Mussolini’s years in leadership found him to be an able diplomat. In 1923, some Greeks murdered an Italian general and three soldiers over Graeco-Albanian concerns. Italy gave Greece an ultimatum; war was imminent. Greece ultimately conceded to Italy’s terms and war was averted. But the nearness of the possibility of war alarmed Mussolini, causing him to take a more nuanced political posture in the years to follow.
Mussolini spent his first ten years building his Fascist state, with little interest in Europe or Africa. Leaders in Europe and America lauded Mussolini’s Fascism as “a form of government of the very first order of excellence.” They were captivated with Mussolini’s ability to “change the lives of human beings, (including) their minds…hearts…and spirits.” In 1927, Churchill even remarked how charmed he was with Mussolini, finding him to be gentle, simple, and detached from all except the well-being of the Italian people.
Mussolini’s passive political position changed in 1935 when, with the political support of both Britain and German, Italian forces quickly invaded and conquered Abyssinia, where ten months earlier, Abyssinian and Italian soldiers clashed on the border of Abyssinia and Italian Somaliland. The victory was swift, decisive, and brutal, causing the international community to take notice. The brutality of the conquest caused condemnation from other nations. Mussolini had a clear conscious though, noting Britain and France had conquered peoples in similar ways. Still, the League of Nations placed sanctions on Italy for the aggressive actions. As a consequence, Italian national unity strengthened and support for Mussolini became unwavering. Furthermore, Italy now captured the attention of Adolf Hitler, planting seeds in which the Italo-German alliance would grow.
The relationship that developed between Mussolini and Hitler was unique. Hitler admired Mussolini and was deeply influenced by Fascist ideology. Mussolini was less impressed with Hitler. Confirmation of his dislike and mistrust was confirmed when he met Hitler for the first time in June of 1934. Mussolini walked away from their meeting noting “(Hitler’s) quite mad.” Still, Hitler worked diligently to gain and maintain Mussolini’s friendship. In 1936, Hitler showered Mussolini with recognition of the Italian Empire. Flattered, Mussolini took to the microphone, declaring to Italy and the world the creation of “a Rome-Berlin axis around which all European states that desire peace can revolve.” Little did Mussolini know how these words would seal the fate of Italy in ways he could not have predicted.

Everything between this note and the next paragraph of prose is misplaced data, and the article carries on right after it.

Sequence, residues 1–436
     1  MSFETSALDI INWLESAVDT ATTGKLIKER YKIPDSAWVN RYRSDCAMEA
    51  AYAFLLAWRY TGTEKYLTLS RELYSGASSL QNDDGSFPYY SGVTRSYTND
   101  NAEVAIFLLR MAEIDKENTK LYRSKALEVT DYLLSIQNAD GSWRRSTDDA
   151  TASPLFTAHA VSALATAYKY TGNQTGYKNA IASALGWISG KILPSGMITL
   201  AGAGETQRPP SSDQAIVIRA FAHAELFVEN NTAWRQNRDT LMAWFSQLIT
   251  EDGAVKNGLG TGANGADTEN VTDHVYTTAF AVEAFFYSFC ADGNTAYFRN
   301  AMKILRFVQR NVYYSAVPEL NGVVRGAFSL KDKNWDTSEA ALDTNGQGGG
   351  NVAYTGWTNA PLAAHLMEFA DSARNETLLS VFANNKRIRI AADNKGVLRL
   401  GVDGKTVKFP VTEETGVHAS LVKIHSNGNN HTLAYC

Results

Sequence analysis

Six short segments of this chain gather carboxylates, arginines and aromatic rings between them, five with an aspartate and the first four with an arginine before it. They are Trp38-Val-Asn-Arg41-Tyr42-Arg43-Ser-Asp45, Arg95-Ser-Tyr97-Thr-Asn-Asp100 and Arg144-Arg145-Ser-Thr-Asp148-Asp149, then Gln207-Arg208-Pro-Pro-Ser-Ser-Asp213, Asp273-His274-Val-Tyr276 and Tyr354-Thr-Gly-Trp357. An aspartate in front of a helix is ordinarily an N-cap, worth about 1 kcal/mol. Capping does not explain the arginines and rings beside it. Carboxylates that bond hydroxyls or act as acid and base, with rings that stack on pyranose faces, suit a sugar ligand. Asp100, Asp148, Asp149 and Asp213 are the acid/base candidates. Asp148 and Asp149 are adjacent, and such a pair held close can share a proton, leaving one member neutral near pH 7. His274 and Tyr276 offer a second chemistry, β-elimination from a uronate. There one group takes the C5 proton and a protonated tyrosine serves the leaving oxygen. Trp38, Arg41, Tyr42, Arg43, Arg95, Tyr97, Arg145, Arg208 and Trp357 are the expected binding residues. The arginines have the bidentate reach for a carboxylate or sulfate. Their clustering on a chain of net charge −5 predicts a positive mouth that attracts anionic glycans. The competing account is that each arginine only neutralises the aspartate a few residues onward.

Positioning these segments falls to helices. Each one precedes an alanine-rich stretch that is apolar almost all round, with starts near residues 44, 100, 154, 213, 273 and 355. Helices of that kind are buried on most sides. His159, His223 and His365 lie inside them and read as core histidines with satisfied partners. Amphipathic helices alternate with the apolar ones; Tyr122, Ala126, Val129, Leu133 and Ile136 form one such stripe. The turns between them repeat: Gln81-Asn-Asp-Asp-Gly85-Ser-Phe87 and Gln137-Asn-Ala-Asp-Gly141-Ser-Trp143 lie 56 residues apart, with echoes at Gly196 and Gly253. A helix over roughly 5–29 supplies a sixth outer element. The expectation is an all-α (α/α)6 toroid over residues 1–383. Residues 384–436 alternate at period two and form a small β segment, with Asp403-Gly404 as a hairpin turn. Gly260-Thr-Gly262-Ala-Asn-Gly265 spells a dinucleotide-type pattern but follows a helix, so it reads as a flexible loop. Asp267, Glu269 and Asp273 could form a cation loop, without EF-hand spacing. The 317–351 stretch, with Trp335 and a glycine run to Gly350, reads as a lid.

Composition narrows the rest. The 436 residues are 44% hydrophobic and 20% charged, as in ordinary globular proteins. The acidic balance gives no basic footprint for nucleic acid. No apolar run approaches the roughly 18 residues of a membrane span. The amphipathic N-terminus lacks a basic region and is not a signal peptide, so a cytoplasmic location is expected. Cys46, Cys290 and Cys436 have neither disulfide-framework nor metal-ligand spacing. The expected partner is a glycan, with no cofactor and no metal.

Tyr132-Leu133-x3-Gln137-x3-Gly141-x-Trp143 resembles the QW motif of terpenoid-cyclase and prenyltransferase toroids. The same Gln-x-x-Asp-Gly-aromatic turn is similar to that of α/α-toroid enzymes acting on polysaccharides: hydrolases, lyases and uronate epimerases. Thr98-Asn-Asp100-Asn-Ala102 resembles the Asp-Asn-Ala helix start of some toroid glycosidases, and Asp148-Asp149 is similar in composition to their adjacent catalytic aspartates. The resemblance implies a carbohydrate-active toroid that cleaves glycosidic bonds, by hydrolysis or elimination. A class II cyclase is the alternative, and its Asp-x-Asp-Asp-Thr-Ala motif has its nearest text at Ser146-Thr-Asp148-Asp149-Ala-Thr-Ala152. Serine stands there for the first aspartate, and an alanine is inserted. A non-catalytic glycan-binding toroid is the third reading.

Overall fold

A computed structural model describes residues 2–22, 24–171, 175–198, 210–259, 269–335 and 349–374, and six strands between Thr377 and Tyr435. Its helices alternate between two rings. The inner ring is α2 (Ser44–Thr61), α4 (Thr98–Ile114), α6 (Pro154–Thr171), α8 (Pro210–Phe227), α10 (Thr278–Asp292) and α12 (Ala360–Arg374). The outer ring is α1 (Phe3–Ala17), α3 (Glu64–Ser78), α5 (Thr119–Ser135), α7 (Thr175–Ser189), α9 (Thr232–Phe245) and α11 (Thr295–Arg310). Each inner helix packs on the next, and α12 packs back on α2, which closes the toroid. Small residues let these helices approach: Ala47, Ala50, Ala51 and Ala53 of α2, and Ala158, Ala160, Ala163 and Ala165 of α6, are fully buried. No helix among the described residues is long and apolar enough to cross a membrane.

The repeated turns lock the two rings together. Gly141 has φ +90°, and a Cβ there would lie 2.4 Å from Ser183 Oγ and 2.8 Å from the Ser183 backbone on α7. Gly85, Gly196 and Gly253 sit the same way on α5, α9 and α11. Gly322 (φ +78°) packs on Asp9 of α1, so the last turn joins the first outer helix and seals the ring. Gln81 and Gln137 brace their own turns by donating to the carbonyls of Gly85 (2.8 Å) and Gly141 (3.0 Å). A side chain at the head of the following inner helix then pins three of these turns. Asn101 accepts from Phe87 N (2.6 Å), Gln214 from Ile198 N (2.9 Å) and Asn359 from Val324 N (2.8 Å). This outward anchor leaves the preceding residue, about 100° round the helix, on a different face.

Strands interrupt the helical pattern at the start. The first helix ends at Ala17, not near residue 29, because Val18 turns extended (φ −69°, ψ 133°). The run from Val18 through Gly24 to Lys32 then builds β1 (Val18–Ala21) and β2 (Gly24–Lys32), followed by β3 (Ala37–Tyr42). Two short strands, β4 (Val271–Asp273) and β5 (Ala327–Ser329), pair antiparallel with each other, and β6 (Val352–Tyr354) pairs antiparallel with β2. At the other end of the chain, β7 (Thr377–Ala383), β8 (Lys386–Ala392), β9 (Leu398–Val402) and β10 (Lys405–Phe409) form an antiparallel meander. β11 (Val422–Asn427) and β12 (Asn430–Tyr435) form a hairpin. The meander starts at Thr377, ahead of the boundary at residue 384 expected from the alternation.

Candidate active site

Mussolini’s emotional connection to Hitler and Germany continued to strengthen. In September 1937, Mussolini visited Germany. His arrival was celebrated with a “calculated display of power, regimentation, and organization” by the German forces. Upon witnessing such dedication and “militaristic industry,” Mussolini was smitten. Where Hitler was once deemed a clown by Mussolini, now Mussolini could only sing Hitler’s praises. Together Italy and Germany would stand against the threat of Socialism.
The funny thing about political romances is that rarely do they end well. In the years to come, Hitler’s influence over Mussolini would prevail. Not only did Mussolini implement German military protocols in his Italian forces, but he also allowed anti-sematic sentiments to invade Italian life. Italians quick push-back on such sentiments only provoked Mussolini to condemn the weakness of Italians for Jews and reiterate reasons for his political alliance with Germany. This alliance was tested on a number of occasions as Hitler was not inclined to ask permission before making a military move, even ones with which his closest allies disagreed. Still, Mussolini remained steadfast in his commitment to Hitler. Hitler in turn promised to support Italy, even if the world was against her. Hitler knew Italy was a weak military presence, yet a strong ally, one he could not afford to lose.
Mussolini bought into Hitler’s flattery and capitalized on Germany’s strong military presence to counter Italy’s weakening military forces and struggling economy. But the more he doubled down in his support for Germany, the closer Italy moved toward war, and the more precarious Italian support for Mussolini and Fascism became. In time, as with all complicated love affairs, everything would soon crumble, causing extensive damage and leaving nothing but a pile of rubble behind.
I continue to be amazed how easy it is to extrapolate realities from Mussolini’s life into the American church, and my own leadership experiences. I so wanted to make him out to be the bad guy. True, he was evil and ruthless, but he was also strategic, thoughtful, and reserved. He chose his alliances carefully and utilized the technology of the day to communicate his intentions. Are we really any different? Am I really any different? Maybe? Ministry leaders often utilize similar tactics and motives. The only difference is when they slap Jesus on it, all is considered well. But is it really? Who do we truly love if we’re willing to hand over our souls, our Jesus, in exchange for alliances with empire, capitalism, or contemporary Christian culture that promise platform, position, and power?
 Christopher Hibbett. Mussolini: The Rise and Fall of Il Duce. (New York, NY: Palgrave Macmillan, 1962, 2008) 66.
 Ibid., 76.
 Ibid., 74.
 Ibid., 74.
 Ibid., 68-71.
 Ibid., 71-77.
 Ibid., 77.
 Ibid., 79-80.
 Ibid., 84.
 Ibid., 84.
 Ibid., 85-89.
 Ibid., 89.
 Ibid., 91.